As we approach Easter, I [Mandy] am reminded of the story of Jacob and Esau in Genesis (Chapter 25, verse 19). To quickly recap: Jacob and Esau were twin brothers. Esau was born first with Jacob clutching Esau's heel. Because of this, Jacob's name means "Deceiver". And boy does Jacob ever live up to his name! The first-born boy in the Jewish culture received the father's blessing. Jacob wanted the blessing so badly, he begged and connived to get it all his life. One day, Jacob and his mother devised a plan to trick Jacob's father into given Esau's blessing to Jacob.
Once Esau heard that Jacob had stolen his blessing, he vowed to kill Jacob as soon as their father died (Chapter 27). Jacob's mother sends Jacob away to save his life. Fast forward 20 long years...Jacob heads home again. But, as Jacob discovers, time has done othing to alleviate Esau's vengeful spirit.
Jacob prays to God, hoping to remind God of His promise to protect and prosper Jacob (Genesis 32:9-12).
That's a good thing!
But then...then Jacob is left with too much time to think...and that thinking only led to more trouble. Jacob, with all this quiet time on his hands, decided to come up with a "Plan B". He divided up all his belongings including man and maidservants, animals, etc. He sends everyone up ahead in the hopes that he can bribe his brother Esau into not harming Jacob (Genesis 32:13-21).
That's not a good thing!
After sending everyone up ahead of himself, he stays behind at the camp. That night he is attacked by an angel (Genesis 32:22). They wrestle all night. And the word used in the original text for "wrestle" illicits a vision of tusseling in such a way that you cannot tell whose legs or arms are whose. And there were probably tears of frustration.
As they wrestle all night, with Jacob holding his own, the angel demands that Jacob lets him go. Then the angel touches Jacob and dislocates his hip.
In that moment, I think Jacob realizes that this angel isn't an ordinary guy. It becomes painfully apparent (literally) that whoever he has spent the night wrestling is a heavenly being.
Jacob demands a blessing from the angel (there he goes again after a blessing), but the angel askes Jacob what his name is.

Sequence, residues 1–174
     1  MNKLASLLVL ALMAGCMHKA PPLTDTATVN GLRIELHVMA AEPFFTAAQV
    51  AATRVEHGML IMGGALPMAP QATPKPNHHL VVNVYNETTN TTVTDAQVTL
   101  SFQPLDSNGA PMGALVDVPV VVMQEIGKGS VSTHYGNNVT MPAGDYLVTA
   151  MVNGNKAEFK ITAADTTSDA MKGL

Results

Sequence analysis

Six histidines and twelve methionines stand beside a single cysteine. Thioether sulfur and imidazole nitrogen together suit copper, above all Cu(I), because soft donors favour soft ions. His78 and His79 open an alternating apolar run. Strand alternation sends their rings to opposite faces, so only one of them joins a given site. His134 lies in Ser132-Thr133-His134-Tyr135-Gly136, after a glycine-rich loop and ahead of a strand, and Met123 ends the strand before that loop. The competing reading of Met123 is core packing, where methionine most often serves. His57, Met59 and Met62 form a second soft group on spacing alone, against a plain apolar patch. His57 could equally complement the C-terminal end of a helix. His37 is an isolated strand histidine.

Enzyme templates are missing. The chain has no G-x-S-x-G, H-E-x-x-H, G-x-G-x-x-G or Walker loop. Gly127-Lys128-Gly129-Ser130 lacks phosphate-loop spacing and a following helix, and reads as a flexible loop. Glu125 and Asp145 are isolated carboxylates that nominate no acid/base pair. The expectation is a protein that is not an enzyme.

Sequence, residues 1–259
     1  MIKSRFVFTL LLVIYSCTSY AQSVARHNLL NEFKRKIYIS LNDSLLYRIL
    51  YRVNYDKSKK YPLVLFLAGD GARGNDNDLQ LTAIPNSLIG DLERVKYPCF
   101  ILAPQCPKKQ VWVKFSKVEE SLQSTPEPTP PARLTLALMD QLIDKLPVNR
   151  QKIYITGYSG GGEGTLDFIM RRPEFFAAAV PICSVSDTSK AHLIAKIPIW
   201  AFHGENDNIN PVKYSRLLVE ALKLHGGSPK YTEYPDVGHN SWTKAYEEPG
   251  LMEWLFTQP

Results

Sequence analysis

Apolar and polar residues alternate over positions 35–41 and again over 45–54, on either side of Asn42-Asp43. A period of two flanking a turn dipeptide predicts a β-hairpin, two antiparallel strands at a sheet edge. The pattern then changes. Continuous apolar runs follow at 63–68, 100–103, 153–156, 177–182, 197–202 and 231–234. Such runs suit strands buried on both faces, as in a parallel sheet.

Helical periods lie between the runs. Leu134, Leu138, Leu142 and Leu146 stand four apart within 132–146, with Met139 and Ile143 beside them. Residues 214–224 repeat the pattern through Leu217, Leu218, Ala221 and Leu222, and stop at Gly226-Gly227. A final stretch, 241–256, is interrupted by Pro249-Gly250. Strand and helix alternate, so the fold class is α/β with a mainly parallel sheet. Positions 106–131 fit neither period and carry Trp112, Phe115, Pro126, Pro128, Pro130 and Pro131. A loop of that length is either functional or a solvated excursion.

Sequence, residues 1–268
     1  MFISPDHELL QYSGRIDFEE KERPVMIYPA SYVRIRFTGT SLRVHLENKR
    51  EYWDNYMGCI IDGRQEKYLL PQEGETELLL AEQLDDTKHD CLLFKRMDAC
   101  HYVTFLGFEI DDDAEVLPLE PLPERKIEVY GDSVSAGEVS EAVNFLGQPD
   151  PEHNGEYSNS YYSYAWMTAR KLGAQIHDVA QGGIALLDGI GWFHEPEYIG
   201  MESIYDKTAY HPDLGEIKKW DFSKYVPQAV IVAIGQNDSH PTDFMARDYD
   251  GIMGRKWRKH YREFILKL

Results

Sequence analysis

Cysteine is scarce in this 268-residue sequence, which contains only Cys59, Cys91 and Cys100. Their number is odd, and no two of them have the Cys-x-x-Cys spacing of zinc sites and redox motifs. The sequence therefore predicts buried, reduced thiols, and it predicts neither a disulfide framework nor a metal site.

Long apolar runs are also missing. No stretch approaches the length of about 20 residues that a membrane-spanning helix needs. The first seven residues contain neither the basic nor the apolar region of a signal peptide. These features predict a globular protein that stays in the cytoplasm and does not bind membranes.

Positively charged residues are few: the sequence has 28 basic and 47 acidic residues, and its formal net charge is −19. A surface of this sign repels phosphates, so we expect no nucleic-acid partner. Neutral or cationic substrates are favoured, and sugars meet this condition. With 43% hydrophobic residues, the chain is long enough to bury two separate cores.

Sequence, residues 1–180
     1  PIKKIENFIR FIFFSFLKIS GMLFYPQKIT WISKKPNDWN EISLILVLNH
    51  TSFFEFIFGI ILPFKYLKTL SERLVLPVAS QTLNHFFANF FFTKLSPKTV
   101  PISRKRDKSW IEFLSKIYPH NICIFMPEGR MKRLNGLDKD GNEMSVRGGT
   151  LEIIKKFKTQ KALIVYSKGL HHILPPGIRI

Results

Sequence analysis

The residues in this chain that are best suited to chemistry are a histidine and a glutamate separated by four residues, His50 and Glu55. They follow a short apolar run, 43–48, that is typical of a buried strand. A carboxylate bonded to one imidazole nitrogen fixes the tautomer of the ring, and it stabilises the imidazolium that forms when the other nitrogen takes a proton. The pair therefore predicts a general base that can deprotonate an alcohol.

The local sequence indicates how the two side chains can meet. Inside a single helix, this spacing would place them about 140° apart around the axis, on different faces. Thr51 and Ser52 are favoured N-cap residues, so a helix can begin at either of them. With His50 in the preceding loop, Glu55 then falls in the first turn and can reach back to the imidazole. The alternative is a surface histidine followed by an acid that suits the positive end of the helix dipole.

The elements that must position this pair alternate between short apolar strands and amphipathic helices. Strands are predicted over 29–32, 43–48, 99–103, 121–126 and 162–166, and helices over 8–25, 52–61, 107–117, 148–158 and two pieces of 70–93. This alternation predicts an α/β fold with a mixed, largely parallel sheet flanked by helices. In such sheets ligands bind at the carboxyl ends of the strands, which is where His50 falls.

Really? This being who can dislocate a hip in one touch...who is most assuredly of God...has to ask Jacob what his name is?
I think it's so beautiful and such a great example of how God is with all of us:
It isn't until Jacob admits who he is: Jacob; Deceiver, that God tells him, "Your name will no longer be Jacob, but Israel, because you have struggled with God and with men and have overcome."
I have felt God ask me that same thing before: "What's your name?"
And once I admit to Him who I really am: a Deceiver, a cheat, a liar, a failure, a sinner who has fallen short of the glory of God, He tells me I am no longer those things, but instead, I am forgiven.
The blood of Jesus has washed me clean of my sin.
Because of Christ's sacrifice on the cross, I am now called a Child of God.
Have you acknowledged who you are before God and allowed Him to give you a new identity in Christ?
If not, you can right now:
Father, we thank you for the opportunity to come before You. We ask that You will reveal to us where we need to admit who we really are...and who we aren't. Please impress upon us that we have the opportunity to come before Your throne. You sacrificed Your Son so that we can be made new. Like Jacob, You have given us a new name under Christ. Please be with every woman reading this and speak to her heart: let her know that she is worthy because You loved her enough to send Your Son to die for our sins. Thank You so much, Father. Words will never be enough to thank You. In Jesus's name, Amen.
We pray you have a blessed Easter and spend some meaningful time reflecting on Christ's sacrifice for all of us.
Check out the companion video on YouTube.
She Heard makes no representations or warranties in relation to this website or the information and materials provided therein, and will not be liable to you in relation to the contents of or use of this website for any indirect, special or consequential loss. Nothing on this website constitutes or is meant to constitute advice of any kind. If you require advice in relation to any legal, financial, medical or psychological matter, you should consult an appropriate professional.